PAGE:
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Air Pollution Ozone

5. What are the uncertainties regarding this study?

  • 5.1 Uncertainties of the WHO answers, guidelines, and risk assessments
  • 5.2 Consideration of publication bias in the review
  • 5.3 Consistency of epidemiological and toxicological evidence in defining thresholds
  • 5.4 Contribution of different sources to PM-related health effects
  • 5.5 Impact of methods of analysis used in epidemiological studies
  • 5.6 Possible regional characteristics modifying the effects of air pollution

5.1 Uncertainties of the WHO answers, guidelines, and risk assessments

How could these influence the conclusions for policy-makers?

Uncertainties linked to gaps in knowledge exist and will continue to exist in the future. The expert group which wrote the reference documents for this Digest was aware of these uncertainties, and tried to take them into account – to the best of their knowledge – when drawing their conclusions.

Uncertainties were addressed in a systematic way, following the recommendations of a WHO guideline document. It was not feasible to quantify the uncertainties linked to all answers within this study.

It was stressed that, in accordance with the precautionary principle, uncertainties should not be taken as a cause for not acting, if the potential risks are high and measures to reduce the risks are available at a reasonable cost.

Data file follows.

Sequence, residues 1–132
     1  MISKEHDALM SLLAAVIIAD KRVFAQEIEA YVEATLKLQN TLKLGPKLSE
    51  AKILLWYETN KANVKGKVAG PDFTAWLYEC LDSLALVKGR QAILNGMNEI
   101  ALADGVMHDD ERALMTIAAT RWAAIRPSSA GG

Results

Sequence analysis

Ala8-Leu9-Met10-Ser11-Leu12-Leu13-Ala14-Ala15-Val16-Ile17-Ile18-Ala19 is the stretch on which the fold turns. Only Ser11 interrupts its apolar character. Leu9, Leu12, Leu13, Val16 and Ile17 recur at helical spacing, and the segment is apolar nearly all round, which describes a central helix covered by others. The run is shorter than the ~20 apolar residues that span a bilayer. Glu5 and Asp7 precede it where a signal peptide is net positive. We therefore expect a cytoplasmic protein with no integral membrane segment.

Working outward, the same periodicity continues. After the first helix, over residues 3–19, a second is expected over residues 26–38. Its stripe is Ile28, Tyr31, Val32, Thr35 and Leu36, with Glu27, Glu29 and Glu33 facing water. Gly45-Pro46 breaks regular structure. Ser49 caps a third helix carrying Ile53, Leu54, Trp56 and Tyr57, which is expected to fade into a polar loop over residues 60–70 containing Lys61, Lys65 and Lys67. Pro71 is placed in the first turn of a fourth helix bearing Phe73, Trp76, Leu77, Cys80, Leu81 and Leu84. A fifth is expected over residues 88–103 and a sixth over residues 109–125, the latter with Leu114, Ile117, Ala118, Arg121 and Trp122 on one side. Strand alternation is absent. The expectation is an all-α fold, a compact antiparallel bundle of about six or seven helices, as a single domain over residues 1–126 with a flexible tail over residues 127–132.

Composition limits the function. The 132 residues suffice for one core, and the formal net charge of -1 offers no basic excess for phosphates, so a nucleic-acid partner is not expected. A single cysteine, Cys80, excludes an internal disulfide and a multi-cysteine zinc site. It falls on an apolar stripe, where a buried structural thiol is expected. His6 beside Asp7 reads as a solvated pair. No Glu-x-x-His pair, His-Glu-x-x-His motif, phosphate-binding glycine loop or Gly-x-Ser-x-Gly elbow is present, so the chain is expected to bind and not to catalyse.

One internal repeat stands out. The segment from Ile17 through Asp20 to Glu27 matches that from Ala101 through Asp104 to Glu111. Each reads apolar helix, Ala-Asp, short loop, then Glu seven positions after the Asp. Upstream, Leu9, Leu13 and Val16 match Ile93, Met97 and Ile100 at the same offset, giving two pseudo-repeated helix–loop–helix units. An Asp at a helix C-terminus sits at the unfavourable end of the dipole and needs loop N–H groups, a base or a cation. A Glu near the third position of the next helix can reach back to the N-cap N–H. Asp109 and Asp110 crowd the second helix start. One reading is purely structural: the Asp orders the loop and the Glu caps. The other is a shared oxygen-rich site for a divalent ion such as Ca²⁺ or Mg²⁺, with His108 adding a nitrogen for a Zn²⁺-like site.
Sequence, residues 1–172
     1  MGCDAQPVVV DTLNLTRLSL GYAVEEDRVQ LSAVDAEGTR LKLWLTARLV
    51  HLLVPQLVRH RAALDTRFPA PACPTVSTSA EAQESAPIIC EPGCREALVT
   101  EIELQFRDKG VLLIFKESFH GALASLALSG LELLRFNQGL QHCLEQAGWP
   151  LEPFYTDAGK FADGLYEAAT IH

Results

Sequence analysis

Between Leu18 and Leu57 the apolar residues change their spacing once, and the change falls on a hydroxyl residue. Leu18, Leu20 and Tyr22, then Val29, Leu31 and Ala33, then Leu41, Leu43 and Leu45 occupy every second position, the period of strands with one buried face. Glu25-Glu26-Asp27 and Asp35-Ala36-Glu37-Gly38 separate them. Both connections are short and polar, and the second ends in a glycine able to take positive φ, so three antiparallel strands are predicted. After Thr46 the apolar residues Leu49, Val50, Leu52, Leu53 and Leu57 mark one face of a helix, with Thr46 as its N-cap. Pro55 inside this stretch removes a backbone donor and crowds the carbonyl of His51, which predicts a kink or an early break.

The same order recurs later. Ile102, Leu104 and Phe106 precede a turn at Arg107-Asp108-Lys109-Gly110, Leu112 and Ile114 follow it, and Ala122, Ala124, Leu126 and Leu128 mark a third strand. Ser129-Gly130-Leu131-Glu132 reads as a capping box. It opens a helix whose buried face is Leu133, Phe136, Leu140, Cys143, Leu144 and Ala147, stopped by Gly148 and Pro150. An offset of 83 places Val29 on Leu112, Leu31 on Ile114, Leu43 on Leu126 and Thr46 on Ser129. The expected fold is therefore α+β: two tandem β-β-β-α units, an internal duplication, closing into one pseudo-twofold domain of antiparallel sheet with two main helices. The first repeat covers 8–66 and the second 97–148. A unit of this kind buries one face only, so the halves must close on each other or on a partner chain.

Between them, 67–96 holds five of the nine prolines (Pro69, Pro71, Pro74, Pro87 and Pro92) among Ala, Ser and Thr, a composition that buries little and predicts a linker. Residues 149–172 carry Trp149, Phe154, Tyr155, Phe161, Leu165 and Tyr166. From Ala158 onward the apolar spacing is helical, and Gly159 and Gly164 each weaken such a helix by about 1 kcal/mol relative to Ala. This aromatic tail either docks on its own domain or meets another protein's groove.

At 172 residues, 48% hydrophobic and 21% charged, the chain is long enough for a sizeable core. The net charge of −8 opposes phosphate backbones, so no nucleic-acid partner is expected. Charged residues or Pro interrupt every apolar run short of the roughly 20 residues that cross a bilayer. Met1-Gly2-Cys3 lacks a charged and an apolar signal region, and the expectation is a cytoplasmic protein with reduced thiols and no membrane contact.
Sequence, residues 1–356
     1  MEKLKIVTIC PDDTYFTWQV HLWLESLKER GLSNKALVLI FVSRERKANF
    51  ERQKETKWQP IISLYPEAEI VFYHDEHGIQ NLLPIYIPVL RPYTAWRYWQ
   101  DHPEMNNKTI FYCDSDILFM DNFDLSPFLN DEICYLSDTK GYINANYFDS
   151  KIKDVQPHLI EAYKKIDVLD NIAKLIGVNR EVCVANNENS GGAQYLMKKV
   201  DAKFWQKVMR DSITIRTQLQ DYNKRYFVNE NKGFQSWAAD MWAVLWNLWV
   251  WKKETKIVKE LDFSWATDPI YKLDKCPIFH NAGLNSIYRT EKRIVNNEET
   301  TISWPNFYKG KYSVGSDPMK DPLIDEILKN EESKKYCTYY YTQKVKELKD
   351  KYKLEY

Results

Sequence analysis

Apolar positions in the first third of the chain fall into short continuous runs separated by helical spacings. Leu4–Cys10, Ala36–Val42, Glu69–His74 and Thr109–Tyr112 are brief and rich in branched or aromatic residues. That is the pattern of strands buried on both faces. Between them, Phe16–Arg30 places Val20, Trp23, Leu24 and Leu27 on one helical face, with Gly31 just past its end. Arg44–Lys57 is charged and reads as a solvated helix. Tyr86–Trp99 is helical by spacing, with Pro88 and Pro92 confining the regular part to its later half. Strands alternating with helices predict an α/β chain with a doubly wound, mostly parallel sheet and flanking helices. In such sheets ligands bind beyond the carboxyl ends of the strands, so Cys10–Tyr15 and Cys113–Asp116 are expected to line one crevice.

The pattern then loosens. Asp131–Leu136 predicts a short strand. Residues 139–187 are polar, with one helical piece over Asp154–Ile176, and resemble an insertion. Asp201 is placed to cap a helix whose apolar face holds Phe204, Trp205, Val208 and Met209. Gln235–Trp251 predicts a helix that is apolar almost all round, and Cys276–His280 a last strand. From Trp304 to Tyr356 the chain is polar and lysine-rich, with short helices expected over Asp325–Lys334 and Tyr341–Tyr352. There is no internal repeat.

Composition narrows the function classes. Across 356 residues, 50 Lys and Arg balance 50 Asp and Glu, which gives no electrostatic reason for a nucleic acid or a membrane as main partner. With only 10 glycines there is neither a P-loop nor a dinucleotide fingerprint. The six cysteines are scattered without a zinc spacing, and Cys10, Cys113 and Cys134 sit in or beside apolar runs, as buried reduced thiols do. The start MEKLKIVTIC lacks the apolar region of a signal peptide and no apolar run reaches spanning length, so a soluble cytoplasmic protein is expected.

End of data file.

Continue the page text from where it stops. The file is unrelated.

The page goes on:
Examples of uncertainties related to this study are:

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5.2 Consideration of publication bias in the review

WHO states: Publication bias occurs when the publication process is influenced by the size of the effect or direction of results. The bias is usually towards statistical significant and larger effects. It can be detected and adjusted for using statistical techniques. Bias may also occur when literature is selectively ascertained and cited.

This review used a systematic approach to identify all short-term exposure studies, but it did not formally investigate publication bias. The reviewers were aware that evidence of publication bias has been identified in meta-analyses of single city time series studies, but when estimates were corrected for this bias, significant positive associations remained. Furthermore, the multi-city time series studies, which have published results from all participating cities and are free from publication bias, have reported significant positive associations.

Because of the size and experience of the review group and referees, it is unlikely that any important published long-term study has been missed. Formal assessment of a possible publication bias has not been undertaken. Every effort was made to systematically ascertain long-term exposure studies. More...

Source & ©: WHO Europe (2004)

5.3 Consistency of epidemiological and toxicological evidence in defining thresholds

5.3.1 WHO states: